[Update Below] According to the Federal Reserve, Americans continue to purchase food-at-home well above pre-pandemic patterns. In August 2019 US consumers expended $999.1 billion on groceries and related. This August we spent $1028.5 billion. (These are each chained 2012 dollars, see chart below). For further comparison, in August 2012 we spent $845.7 billion. The US population increased about seven percent over these ten years.
This higher demand has persisted even after we returned to restaurants and other food-away-from-home services in Spring 2021. In August 2019 Americans spent $65,191 million at food services and drinking places. This August we spent $86,760 million (not inflation adjusted, here you can see comparable grocery retail sales). Our personal savings rate in August 2022 was less than half that in August 2019.
Another angle on food consumption is offered by the research and consulting firm IRI which finds current cash-basis demand in early October 2022 to be at least seven percent above October 2021 — thirteen percent higher in the “general food” category. As a result, after several weeks of improved demand-supply equilibrium, stock-outs are, again, beginning to proliferate and deepen.
There has been a softening of inflation-adjusted grocery expenditures since January (again, see the chart below). This is probably the result of historically very high food inflation plus reduced cash reserves. But especially given the persistent disincentive of inflation, for food demand to still be at least three percent above pre-pandemic trend has material implications for production and distribution capacity — and therefore flow.
In June I offered the following:
I hypothesize that between May and September we will see food-at-home real consumption gradually decline by another seven to ten percent and then flatten or incrementally increase. I hypothesize that durable goods and services will begin to show slopes similar to 2022 food consumption. I also hypothesize a more rapid rate-of-change than that for food between last November and April.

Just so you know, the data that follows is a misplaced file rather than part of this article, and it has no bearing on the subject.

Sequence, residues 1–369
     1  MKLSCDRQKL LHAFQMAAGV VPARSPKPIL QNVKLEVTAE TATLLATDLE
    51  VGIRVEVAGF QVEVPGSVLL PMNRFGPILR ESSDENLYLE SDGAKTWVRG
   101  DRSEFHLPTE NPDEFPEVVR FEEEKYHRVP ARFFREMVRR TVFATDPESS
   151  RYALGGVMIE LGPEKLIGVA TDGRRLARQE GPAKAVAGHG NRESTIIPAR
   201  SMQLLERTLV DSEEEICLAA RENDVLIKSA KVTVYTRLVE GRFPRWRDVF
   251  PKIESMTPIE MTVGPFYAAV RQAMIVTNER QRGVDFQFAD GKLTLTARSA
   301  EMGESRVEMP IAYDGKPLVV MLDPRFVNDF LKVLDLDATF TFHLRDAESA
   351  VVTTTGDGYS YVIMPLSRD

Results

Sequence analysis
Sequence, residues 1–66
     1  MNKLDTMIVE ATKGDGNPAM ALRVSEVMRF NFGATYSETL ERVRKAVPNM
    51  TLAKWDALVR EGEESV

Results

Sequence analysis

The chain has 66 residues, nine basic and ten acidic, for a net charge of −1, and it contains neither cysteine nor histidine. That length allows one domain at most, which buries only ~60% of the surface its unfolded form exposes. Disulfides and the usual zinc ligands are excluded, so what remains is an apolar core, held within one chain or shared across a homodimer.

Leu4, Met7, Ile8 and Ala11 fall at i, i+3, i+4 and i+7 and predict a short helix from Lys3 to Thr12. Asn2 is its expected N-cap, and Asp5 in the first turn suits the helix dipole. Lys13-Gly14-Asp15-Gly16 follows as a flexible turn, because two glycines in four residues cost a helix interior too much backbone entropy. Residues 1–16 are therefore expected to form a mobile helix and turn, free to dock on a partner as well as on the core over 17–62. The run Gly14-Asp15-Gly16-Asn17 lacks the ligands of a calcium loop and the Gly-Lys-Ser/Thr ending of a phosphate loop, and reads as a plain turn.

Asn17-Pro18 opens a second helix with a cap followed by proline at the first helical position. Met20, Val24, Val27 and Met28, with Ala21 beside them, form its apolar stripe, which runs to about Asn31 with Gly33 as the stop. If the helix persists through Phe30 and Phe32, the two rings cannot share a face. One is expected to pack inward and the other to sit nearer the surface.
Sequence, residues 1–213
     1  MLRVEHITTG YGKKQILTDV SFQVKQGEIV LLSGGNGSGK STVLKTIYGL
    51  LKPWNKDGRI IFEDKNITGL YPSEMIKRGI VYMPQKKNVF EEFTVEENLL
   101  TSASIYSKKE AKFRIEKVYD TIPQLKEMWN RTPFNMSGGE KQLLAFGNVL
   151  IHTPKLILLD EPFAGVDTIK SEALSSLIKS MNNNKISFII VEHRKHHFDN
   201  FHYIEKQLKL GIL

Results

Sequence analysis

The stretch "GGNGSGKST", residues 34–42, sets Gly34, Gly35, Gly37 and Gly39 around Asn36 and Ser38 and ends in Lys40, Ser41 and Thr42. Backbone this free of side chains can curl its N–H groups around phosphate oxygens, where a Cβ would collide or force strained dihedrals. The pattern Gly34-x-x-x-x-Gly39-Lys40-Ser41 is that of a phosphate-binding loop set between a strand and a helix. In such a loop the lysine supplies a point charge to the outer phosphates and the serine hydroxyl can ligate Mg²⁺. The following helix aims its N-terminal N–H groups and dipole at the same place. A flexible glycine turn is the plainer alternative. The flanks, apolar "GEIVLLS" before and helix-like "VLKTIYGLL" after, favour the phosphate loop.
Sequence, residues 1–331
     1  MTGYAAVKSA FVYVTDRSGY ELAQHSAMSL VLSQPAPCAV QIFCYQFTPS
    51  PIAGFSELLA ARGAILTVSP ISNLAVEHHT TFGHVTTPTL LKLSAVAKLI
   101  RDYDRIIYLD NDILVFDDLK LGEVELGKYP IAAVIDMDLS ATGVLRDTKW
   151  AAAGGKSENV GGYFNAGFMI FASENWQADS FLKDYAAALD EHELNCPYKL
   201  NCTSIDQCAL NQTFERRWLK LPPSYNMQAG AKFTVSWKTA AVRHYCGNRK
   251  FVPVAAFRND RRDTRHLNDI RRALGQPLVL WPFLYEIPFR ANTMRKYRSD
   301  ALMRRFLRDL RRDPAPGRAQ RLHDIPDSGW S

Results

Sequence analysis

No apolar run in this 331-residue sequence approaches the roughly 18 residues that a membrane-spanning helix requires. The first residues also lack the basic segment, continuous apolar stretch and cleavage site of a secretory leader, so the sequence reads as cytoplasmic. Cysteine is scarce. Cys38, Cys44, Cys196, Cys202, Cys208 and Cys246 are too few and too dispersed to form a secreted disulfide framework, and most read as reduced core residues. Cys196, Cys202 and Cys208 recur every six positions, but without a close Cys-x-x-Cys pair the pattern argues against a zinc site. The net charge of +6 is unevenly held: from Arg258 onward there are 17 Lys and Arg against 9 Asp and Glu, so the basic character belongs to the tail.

With two months of data left to ingest, we have barely seen a one-percent decline in food-at-home consumption. Durable goods spending has been stable. Real services spending has continued to incrementally increase. Given my perception of actual need and inflationary disincentives interacting with economic and geo-political risk, I expected much more consumer restraint to emerge by now. If anything the opposite is true (more and more).
From May 2021 until August 2022 US wage growth was not only consistently higher but the rate of growth was increasing too. Last month’s wages (September) were still growing, but at a slightly slower rate. So — maybe — with more nominal cash flow many American consumers have chosen to avail themselves of “retail therapy” and comfort food to manage accumulating stress. This is not a satisfactory explanation, but it is the best I have right now.
October 29 Update: Based on September’s real Personal Consumption Expenditures (see chart below), since the end of April constant dollar (inflation adjusted) expenditures on food-at-home have declined from $1,036.4 billion to $1,022.4 billion — or 1.4 percent. Real durable goods spending in September was basically flat. Expenditures on services, even in the most discretionary categories, seem very stubborn — much more stubborn than I expected.